Saint Lucia Signs Snakebite Accord
MARTINIQUE is well known and has long been the destination of choice for medical referrals from St. Lucia, both for routine as well as emergency medical evacuations.
Less well-known, however, is that La Meynard (CHUM) is a University Hospital and that St. Lucian medical personnel, as well as Ministry of Health officials, have benefited from training programmes during the past several years.
More recently, in preparation for the manning of the new Owen King-European Union (OKEU) hospital, training in such areas as Critical Care & Radiology has been conducted by the CHUM, both in St. Lucia and Martinique.
In a recent ‘first’ for the Caribbean region, the Ministry of Agriculture on Wednesday 13th June signed a Memorandum of Agreement (MOA) on behalf of the Forestry Division with the Caribbean Doctors Association (CDA), for cooperation into various aspects of the management of the endemic snake, the Fer-de-Lance (Bothrops Caribbeaus).
CDA Secretary General, Saint Lucia’s Keats Compton, in an exclusive interview with The Voice, explained the background to the recent historic development.
According to Compton, “Following the designation of snakebites as a neglected tropical disease by the WHO in 2017, the World Health Assembly (WHA) mandated the WHO to develop a comprehensive plan to combat the disease.
“Since that time Dr. Dabor Resiere, a resident toxicologist and critical care specialist at the CHUM, has been conducting research into an anti-venom for the Fer-de-Lance, as the Martinique variety (bhotrops lanceolotus) is a very close relative of Saint Lucia’s Fer-de-Lance.”
Compton disclosed that Dr. Resiere is currently attending a conference on snakebite envenoming in the Netherlands, having spent six months in Costa Rica last year conducting joint research with Professor José Maria Guiterrez, who developed the anti-venom currently in use in St. Lucia.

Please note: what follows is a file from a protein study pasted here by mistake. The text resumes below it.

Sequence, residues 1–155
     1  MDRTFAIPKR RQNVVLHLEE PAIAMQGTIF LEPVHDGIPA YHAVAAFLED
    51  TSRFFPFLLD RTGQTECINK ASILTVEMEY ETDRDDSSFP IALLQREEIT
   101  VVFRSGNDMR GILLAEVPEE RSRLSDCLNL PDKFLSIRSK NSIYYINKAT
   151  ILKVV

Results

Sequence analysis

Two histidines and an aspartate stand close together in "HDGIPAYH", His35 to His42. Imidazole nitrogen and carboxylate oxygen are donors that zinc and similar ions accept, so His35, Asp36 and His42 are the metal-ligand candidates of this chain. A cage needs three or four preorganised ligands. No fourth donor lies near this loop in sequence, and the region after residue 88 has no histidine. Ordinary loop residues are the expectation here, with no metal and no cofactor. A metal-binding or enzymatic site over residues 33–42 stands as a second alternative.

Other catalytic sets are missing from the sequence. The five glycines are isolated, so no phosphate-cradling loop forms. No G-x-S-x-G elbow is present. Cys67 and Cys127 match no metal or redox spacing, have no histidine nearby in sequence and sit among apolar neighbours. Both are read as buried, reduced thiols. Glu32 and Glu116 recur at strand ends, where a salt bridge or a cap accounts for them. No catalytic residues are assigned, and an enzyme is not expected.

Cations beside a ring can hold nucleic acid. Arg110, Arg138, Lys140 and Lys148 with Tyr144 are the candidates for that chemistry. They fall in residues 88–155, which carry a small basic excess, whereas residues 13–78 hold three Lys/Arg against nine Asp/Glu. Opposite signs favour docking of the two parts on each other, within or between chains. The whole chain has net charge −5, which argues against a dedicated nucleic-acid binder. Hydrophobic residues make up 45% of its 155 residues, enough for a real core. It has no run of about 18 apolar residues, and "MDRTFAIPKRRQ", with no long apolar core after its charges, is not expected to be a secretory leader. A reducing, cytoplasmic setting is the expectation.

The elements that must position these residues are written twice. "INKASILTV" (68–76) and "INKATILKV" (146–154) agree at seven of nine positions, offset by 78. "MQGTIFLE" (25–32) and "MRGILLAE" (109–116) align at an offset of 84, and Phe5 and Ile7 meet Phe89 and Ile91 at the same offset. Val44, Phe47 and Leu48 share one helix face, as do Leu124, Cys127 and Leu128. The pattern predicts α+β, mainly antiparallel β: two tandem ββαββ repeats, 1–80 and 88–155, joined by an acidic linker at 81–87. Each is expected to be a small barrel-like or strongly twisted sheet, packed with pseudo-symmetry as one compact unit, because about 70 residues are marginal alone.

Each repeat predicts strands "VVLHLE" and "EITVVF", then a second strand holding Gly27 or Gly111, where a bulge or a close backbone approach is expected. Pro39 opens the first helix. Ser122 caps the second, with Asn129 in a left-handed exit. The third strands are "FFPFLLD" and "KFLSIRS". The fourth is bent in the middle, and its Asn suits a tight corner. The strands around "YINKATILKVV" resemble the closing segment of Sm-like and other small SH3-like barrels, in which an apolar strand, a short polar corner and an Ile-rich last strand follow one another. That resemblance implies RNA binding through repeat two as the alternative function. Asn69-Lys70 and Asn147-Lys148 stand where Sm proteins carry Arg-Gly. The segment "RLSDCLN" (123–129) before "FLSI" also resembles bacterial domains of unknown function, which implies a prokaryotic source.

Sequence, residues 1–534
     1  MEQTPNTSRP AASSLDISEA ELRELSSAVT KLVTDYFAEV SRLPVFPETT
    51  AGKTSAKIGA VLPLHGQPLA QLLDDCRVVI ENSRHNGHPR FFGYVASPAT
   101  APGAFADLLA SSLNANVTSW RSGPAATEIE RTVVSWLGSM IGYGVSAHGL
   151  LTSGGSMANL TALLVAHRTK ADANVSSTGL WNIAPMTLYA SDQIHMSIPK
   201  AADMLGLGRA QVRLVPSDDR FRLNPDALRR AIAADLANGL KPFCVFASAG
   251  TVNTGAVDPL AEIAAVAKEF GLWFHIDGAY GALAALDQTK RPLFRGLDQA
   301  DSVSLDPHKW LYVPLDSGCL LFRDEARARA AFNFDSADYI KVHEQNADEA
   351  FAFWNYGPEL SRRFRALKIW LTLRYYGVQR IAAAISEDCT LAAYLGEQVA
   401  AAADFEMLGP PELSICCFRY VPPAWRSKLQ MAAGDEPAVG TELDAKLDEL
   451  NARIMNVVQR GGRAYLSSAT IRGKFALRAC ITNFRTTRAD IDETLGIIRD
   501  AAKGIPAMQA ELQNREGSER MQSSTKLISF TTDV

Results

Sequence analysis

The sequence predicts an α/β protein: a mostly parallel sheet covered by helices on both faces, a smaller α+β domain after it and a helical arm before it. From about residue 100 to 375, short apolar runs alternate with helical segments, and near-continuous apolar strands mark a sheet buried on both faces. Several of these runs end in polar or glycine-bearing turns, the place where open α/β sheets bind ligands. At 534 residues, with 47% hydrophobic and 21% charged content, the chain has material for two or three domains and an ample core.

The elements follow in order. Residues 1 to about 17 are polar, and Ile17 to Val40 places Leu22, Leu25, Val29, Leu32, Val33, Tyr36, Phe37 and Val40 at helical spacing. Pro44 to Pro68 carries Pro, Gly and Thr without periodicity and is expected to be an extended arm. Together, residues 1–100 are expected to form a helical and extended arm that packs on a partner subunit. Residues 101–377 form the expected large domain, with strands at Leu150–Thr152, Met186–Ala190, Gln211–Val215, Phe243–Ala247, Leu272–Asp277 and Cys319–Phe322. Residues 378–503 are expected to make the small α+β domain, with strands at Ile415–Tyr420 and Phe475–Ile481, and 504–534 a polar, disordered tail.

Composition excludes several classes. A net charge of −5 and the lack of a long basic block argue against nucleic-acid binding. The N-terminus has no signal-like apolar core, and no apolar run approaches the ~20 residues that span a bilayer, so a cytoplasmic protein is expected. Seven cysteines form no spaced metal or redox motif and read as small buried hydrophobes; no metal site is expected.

The 2019 symposium will be held in Martinique.
According to Mr Compton, “St. Lucia’s cooperation with Martinique on the treatment of snakebite dates to 2002, with the very first evacuation of a bite victim to the CHUM.
“This effort was recognised internationally in an article published in the American Journal of Tropical Medical Hygiene, co-authored by Dr. Martin Didier.”
Dr. Didier and Dr. Resiere also made presentations at an International Snakebite Symposium in French Guyana in 2016, which sought, among other objectives, to work towards the development of common anti-venom for the multiple varieties of poisons.
According to the CDA Secretary General, “Snakes have historically had a terrible press, perhaps due to biblical, among other injunctions.
“This MOA will hopefully succeed in providing a better understanding of the potential medical benefits of the venom, as well as the need to manage its coexistence with the rest of our society.”
The CDA is a French-registered, non-profit Association, dedicated to socio-medical interventions and two well-known local medical practitioners, Dr Didier and Dr Romel Daniel are both members.
Dr. Resiere, who is also the CDA President, was accompanied at the signing by Dr. Hossein Medaouhi, the head of the Intensive Care Unit (CHU) at La Meynard and also a CDA member.
According to Mr Compton, Resiere and Medaouhi “were in St. Lucia for discussions with government officials on healthcare cooperation.”
He also had much praise for the efforts of the persons and entities in Saint Lucia and Martinique who helped make the MOA possible.
“In this instance,” he told The Voice, “the CDA is pleased to partner with the Ministry of Agriculture, as well as the St. Lucia National Trust, which in turn has been collaborating with the Forestry Department, Durrell Wildlife Conservation Trust and Flora and Fauna International, in a stakeholder consultation on a management programme for the fer-de-lance.”
“That project,” he said, “has been assisted by the Global Environment Facility’s Small Grants Programme.”